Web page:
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Making a Budget: How to Plan One Your Family Can Actually Stick To

ten and one dollar bills in walletAgreeing to make a budget is easy enough, but what about when it comes to sticking to the plan you made? It’s one area where unfortunately many falter, especially if they make the plan as part of their New Year’s resolutions. Excitement sets in, but once the reality of it comes into play, it’s easy to let that plan fall by the wayside and before you know it a whole year has passed and you’re in the same position as last.

The good news is that this doesn’t have to be the case. It’s possible to make and stick to a budget as long as you come up with something that works for you. Making a tailored plan exactly to what suits your needs is the key to making all your hard work pay off.

Coming up with a budget and actually sticking to it in the long term may seem like a nearly impossible task, but if you really want to change your financial health this year for the better, it’s an absolute must. So how do you achieve this task with as little stress and strain as possible? It’s surprisingly easy, and once you get started, you’ll be able to follow the plan all year long.

Be Brutally Honest with Yourself

You can’t start on the path of financial health if you don’t know where you currently stand. It’s time to be brutally honest with yourself, so I suggest sitting down with a pencil and paper and making a list of every debt you owe and all of your expenses per month.

It’s easy to ignore the facts and figures and push them aside, but when you see everything in front of you, that’s when you have to face the truth. It’s time to face your mistakes and errors if you want to improve things. You are not your mistakes, so while you can accept fault, wallowing in your errors isn’t going to help you fix them.

Cut the Excess, Not the Fun

Making cutbacks is where you’re probably going to have the most difficulty. I can tell you that it’s not easy at all to cut out your beloved extras every week, and you will probably find a million excuses as to why you can’t make one cutback or another. However, what I can promise is that it’s absolutely worth it and you quickly get used to the new adjustments.

Here are some cutbacks you may want to consider cutting from your budget:

  • Going out to dinner – Think having friends over and cooking and drinking at home is boring? Far from it! Not only can you make your food however you want, but it’s also much cheaper; you don’t have to tip anyone and you won’t have to shell out almost $50 on a bottle of wine you can pick up yourself for less than $20.
  • Manicures and pedicures – As someone who used to love her manis and pedis, I had to resist pressing my face against the glass when I walked past the place after I gave them up. However, after I started doing them myself, I realized I didn’t miss them as much as I thought and my money was better used elsewhere.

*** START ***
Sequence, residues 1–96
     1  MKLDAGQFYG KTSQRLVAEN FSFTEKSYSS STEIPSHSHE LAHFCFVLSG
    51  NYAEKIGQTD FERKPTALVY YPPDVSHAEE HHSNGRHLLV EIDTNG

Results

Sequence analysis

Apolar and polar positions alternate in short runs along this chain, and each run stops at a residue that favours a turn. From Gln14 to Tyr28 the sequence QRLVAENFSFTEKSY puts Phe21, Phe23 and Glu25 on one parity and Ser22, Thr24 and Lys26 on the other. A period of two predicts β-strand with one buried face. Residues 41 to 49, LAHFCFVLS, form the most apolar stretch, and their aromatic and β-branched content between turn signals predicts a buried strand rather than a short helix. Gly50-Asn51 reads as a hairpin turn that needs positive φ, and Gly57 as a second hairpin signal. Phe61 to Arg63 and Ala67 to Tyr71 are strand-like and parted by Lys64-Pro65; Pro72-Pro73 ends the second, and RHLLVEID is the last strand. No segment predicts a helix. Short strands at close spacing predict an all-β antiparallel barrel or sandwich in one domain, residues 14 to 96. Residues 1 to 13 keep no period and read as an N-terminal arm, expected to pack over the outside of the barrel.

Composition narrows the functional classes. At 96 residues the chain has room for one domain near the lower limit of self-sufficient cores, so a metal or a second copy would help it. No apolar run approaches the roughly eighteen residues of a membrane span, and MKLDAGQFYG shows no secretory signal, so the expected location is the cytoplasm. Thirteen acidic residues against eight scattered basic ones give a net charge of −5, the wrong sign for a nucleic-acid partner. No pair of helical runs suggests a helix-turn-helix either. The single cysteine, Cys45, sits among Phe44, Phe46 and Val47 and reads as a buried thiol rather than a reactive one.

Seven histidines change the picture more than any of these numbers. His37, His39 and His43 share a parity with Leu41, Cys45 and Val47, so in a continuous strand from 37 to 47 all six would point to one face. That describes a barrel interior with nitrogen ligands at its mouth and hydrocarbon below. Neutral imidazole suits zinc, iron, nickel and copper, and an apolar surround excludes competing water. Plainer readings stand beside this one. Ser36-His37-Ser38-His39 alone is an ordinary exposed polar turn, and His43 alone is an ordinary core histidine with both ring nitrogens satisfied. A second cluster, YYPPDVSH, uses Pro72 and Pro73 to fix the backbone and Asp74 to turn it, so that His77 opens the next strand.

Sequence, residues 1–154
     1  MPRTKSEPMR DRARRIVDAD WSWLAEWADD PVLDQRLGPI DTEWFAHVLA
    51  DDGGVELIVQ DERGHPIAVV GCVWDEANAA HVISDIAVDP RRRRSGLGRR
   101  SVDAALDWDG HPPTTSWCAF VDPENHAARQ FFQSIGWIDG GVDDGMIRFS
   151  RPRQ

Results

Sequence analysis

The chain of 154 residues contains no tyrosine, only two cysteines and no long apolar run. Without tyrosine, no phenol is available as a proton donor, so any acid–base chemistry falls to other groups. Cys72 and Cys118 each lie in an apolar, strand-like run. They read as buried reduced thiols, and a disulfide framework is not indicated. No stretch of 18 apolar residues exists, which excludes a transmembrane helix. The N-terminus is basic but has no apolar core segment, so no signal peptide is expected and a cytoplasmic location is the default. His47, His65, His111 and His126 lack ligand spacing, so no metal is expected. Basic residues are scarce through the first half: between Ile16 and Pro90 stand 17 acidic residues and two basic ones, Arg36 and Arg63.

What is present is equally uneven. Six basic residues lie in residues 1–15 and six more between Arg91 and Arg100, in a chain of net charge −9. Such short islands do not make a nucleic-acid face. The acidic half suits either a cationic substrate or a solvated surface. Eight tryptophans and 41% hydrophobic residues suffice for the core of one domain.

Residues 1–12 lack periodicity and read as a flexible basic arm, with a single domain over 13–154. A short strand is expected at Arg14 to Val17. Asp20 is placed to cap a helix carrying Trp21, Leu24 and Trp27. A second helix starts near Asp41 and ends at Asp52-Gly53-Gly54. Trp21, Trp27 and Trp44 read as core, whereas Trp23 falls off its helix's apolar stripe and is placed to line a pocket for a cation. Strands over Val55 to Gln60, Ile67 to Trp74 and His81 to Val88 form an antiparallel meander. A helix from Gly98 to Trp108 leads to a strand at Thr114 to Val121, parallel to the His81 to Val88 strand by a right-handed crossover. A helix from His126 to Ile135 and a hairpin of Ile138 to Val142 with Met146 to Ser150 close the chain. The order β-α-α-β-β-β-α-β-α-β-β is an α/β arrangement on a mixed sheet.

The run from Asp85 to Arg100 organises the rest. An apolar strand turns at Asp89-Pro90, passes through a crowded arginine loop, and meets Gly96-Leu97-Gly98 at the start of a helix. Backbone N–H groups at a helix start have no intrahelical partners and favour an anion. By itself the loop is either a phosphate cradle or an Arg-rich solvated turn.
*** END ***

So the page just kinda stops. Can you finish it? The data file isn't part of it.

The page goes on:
• Brand name food – There are a couple of brand name food items I still purchase, but for the most part, I go for the generic. They cost a lot less and in most cases taste the same or better than their brand name counterparts.
  • Promo Codes – One way to help with your budgeting needs is promo codes which have coupons for a variety of things from airline tickets to groceries.
  • Bring your own – Sure it’s tempting to stop off at your local coffee place and pick up a Venti or run down the block for a sub at lunchtime, but that’s also extra money out of your pocket. Start bringing it from home and you’d be surprised how much you can save.
  • Brand new clothes – Instead of getting new clothes right off the rack, try thrift store shopping. It might seem strange at first, but you can get severely discounted clothes – especially brand names – for much less than what you would have paid in the store.

Set a Monthly Plan

Once you know what you owe, what you have to pay and what cutbacks to make, you can finally make your monthly plan. Set up a spending journal and record every single dollar you spend and go over it at the end of every month.

Next up are the necessities. Write down what you have to pay for bills such as rent, utilities and credit cards. Consider getting discount personal checks and at the beginning of every month, write out all your necessary bills and send them out immediately so they’re taken care of and you don’t have to worry about getting them in late or running out of cash the rest of the month. When you’re writing out checks to pay your debts, make sure to always pay more than the minimum and interest combined.

Following these steps can help you have the financial health you’ve always dreamed of. It’s important to stick to your budget, but if you have the occasional minor setback or two, don’t beat yourself up over it and give up. Keep going and before long, you’ll be impressed just how far you’ve come.

About the Author:

Melissa Cameron has been a freelance writer for several years and values her clients as well as the opportunity to do what she loves for a living. She enjoys doing research for work, especially when it comes to learning interesting information and passing it on to her readers. While browsing through the site http://www.buychecksbymail.com/, Melissa was inspired to do a series of articles about how to make paying bills a little more fun and festive.

Earnest Parenting: help for parents who need some encouragement on the budget.

Melissa Cameron understands what it is like to need balance in a busy day with a spouse, children and elderly parents. When she does have a bit of spare time, she enjoys scrap-booking, digital photography and writing and hopes to realize her goals as a freelance writer online so she can work at home. Melissa loves surfing the Internet and her husband often refers to her as a walking infomercial.

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